The Scottish Professional Football League have defended the use of artificial pitches throughout their four divisions, insisting they have the backing of world governing body Fifa.
Rangers manager Steven Gerrard became the latest high-profile figure to criticise synthetic surfaces in Scottish football after his winger Jamie Murphy suffered a knee injury at Rugby Park on Sunday.
Gerrard claimed such pitches should not be permitted in the top flight, adding his voice to those such as Celtic manager Brendan Rodgers who has previously condemned their use.
But such complaints look set to fall on deaf ears with the SPFL claiming they adopt strict and regular inspections to ensure the safety and suitability of all synthetic pitches being used by their member clubs.
“The use of artificial playing surfaces is permitted within the SPFL rules and prevalent in Fifa competitions,” an SPFL spokesman told The Scotsman.
“All pitches of this nature must undergo an independent inspection against Fifa criteria before they are approved. Once in operation they must then pass an annual Fifa inspection. Premiership pitches also face three in-season random inspections from the SPFL to ensure they meet required standards.”
There are now three artificial playing surfaces in the Scottish Premiership with Livingston installing one at the Tony Macaroni Arena this summer to join Kilmarnock and Hamilton Accies.
In total, 15 of the SPFL’s 42 clubs now have artificial pitches at their grounds. There are three in the Championship (Alloa, Falkirk, Queen of the South), six in League One (Airdrie, East Fife, Forfar, Montrose, Raith Rovers, Stenhousemuir) and three in League Two (Annan, Clyde, Edinburgh City).
The proliferation of the surfaces has been driven by economic factors and wider community use of the facilities at the venues concerned. But the debate over the part they can play in causing injuries to players has intensified with PFA Scotland last season conducting a survey of their members in which they were asked to rate the different pitches they played on throughout the campaign.
The much-criticised artificial surfaces at Hamilton and Kilmarnock fared badly in the survey, being ranked 42nd and 40th respectively out of all 42 senior grounds.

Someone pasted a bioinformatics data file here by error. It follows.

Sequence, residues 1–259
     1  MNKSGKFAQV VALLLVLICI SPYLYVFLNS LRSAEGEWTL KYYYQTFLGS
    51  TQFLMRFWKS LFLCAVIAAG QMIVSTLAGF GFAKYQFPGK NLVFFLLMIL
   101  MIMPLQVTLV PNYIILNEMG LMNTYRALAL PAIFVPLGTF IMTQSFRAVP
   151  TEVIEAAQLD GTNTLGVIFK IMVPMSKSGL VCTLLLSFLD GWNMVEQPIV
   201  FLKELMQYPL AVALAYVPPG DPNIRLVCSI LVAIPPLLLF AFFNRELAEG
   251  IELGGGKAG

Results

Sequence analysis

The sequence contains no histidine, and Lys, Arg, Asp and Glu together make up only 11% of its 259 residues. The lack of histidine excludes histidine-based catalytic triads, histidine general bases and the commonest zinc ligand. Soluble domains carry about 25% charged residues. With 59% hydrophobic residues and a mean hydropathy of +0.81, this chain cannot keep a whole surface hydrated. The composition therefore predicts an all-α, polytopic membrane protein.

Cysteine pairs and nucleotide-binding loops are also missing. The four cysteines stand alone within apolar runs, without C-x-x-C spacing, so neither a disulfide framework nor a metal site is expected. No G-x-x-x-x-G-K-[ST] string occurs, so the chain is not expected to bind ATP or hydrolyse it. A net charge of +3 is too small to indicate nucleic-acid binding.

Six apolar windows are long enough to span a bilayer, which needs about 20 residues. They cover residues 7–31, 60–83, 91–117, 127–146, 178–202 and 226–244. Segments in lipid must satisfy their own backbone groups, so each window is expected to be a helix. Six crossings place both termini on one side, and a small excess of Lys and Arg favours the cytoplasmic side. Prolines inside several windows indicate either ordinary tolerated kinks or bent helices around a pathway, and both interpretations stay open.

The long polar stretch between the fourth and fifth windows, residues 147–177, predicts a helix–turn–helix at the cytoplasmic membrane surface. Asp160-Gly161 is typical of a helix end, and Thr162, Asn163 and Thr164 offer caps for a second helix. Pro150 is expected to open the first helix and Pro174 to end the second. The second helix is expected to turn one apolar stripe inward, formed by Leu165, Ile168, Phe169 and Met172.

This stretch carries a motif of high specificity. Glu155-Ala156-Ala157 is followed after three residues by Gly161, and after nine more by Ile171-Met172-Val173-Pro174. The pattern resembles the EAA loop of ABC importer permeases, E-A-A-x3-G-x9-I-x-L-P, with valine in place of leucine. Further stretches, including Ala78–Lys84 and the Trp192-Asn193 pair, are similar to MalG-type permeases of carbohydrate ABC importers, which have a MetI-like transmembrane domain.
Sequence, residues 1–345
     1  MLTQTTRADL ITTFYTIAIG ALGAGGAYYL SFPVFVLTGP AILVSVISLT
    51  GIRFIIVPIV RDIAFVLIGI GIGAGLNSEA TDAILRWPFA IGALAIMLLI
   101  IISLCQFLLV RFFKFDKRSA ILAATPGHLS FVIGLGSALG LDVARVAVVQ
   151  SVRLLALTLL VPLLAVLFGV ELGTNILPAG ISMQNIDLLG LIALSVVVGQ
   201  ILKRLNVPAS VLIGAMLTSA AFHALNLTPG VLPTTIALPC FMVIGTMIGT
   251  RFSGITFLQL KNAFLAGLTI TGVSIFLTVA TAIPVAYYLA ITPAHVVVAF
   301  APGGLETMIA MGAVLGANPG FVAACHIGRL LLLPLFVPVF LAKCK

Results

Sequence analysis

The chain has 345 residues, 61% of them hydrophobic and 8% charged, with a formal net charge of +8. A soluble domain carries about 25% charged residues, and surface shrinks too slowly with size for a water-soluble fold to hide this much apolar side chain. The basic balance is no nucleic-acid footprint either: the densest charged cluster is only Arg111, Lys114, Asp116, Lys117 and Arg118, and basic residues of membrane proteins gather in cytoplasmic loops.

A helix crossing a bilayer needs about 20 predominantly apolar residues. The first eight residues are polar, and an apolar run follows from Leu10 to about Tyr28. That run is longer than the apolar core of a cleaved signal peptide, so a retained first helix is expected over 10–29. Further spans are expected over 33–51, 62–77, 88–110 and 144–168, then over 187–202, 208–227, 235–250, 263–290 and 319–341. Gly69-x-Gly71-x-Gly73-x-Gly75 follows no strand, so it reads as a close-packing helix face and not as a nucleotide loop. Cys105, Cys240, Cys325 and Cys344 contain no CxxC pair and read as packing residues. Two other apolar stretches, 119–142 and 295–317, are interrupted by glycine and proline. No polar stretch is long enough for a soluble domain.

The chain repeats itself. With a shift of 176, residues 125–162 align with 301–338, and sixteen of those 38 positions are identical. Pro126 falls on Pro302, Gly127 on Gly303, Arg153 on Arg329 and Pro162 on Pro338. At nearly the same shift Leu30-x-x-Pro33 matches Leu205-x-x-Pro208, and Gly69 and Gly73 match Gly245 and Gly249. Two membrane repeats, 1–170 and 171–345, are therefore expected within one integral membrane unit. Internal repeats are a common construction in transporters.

But it seems some synthetic pitches are less unpopular than others with players – Alloa’s surface at the Indodrill Stadium was ranked in 10th place, higher than both Celtic Park (11th) and Ibrox (14th). This summer, a new £1.5 million hybrid grass pitch has been laid at Celtic Park following lobbying of the club’s board by manager Rodgers.
Rangers captain James Tavernier expressed his exasperation on Sunday at the concerns of players being ignored, despite their participation in the PFA survey.
PFA Scotland chief executive Fraser Wishart yesterday repeated his assertion that the SPFL have a duty to ensure the improvement of surfaces throughout the game.
“It isn’t just about artificial surfaces, it is about improving all surfaces across Scottish football whether they are grass or artificial,” said Wishart.
“It is often forgotten that the pitch is our members’ place of work and for that reason we gave, and continue to give, them a vehicle to voice their opinion.
“Players are the ones with the knowledge of how a pitch plays and how it feels underfoot. It makes perfect sense to ask them for their views.
“The players have spoken and continue to air their views, so it is incumbent on the footballing authorities to listen to what the players are saying and do what is required to improve the quality of surfaces around Scotland.”